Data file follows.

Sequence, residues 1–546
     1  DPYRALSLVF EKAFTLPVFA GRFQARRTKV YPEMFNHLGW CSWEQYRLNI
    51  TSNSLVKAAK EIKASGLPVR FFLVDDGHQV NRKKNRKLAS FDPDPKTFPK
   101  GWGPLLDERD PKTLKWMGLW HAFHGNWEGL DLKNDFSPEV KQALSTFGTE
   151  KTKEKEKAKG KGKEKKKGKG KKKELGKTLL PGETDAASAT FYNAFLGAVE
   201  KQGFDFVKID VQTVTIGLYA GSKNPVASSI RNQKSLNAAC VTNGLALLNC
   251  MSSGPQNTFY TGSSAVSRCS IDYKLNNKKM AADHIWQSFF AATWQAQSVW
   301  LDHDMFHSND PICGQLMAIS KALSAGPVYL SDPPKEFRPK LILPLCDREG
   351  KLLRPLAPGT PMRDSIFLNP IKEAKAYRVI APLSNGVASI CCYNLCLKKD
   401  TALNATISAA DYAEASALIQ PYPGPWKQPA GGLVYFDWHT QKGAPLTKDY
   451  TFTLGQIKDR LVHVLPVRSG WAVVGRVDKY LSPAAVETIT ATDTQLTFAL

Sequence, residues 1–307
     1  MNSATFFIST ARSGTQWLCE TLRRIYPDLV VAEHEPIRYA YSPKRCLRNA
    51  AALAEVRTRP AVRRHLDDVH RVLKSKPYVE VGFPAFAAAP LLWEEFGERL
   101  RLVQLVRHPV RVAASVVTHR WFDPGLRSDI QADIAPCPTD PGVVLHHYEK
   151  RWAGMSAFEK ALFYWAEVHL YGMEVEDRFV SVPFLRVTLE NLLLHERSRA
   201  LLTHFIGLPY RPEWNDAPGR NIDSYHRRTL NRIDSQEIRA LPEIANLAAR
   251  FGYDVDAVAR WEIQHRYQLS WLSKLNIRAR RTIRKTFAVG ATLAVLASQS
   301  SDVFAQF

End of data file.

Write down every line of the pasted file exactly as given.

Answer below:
Sequence, residues 1–546
     1  DPYRALSLVF EKAFTLPVFA GRFQARRTKV YPEMFNHLGW CSWEQYRLNI
    51  TSNSLVKAAK EIKASGLPVR FFLVDDGHQV NRKKNRKLAS FDPDPKTFPK
   101  GWGPLLDERD PKTLKWMGLW HAFHGNWEGL DLKNDFSPEV KQALSTFGTE
   151  KTKEKEKAKG KGKEKKKGKG KKKELGKTLL PGETDAASAT FYNAFLGAVE
   201  KQGFDFVKID VQTVTIGLYA GSKNPVASSI RNQKSLNAAC VTNGLALLNC
   251  MSSGPQNTFY TGSSAVSRCS IDYKLNNKKM AADHIWQSFF AATWQAQSVW
   301  LDHDMFHSND PICGQLMAIS KALSAGPVYL SDPPKEFRPK LILPLCDREG
   351  KLLRPLAPGT PMRDSIFLNP IKEAKAYRVI APLSNGVASI CCYNLCLKKD
   401  TALNATISAA DYAEASALIQ PYPGPWKQPA GGLVYFDWHT QKGAPLTKDY
   451  TFTLGQIKDR LVHVLPVRSG WAVVGRVDKY LSPAAVETIT ATDTQLTFAL

Sequence, residues 1–307
     1  MNSATFFIST ARSGTQWLCE TLRRIYPDLV VAEHEPIRYA YSPKRCLRNA
    51  AALAEVRTRP AVRRHLDDVH RVLKSKPYVE VGFPAFAAAP LLWEEFGERL
   101  RLVQLVRHPV RVAASVVTHR WFDPGLRSDI QADIAPCPTD PGVVLHHYEK
   151  RWAGMSAFEK ALFYWAEVHL YGMEVEDRFV SVPFLRVTLE NLLLHERSRA
   201  LLTHFIGLPY RPEWNDAPGR NIDSYHRRTL NRIDSQEIRA LPEIANLAAR
   251  FGYDVDAVAR WEIQHRYQLS WLSKLNIRAR RTIRKTFAVG ATLAVLASQS
   301  SDVFAQF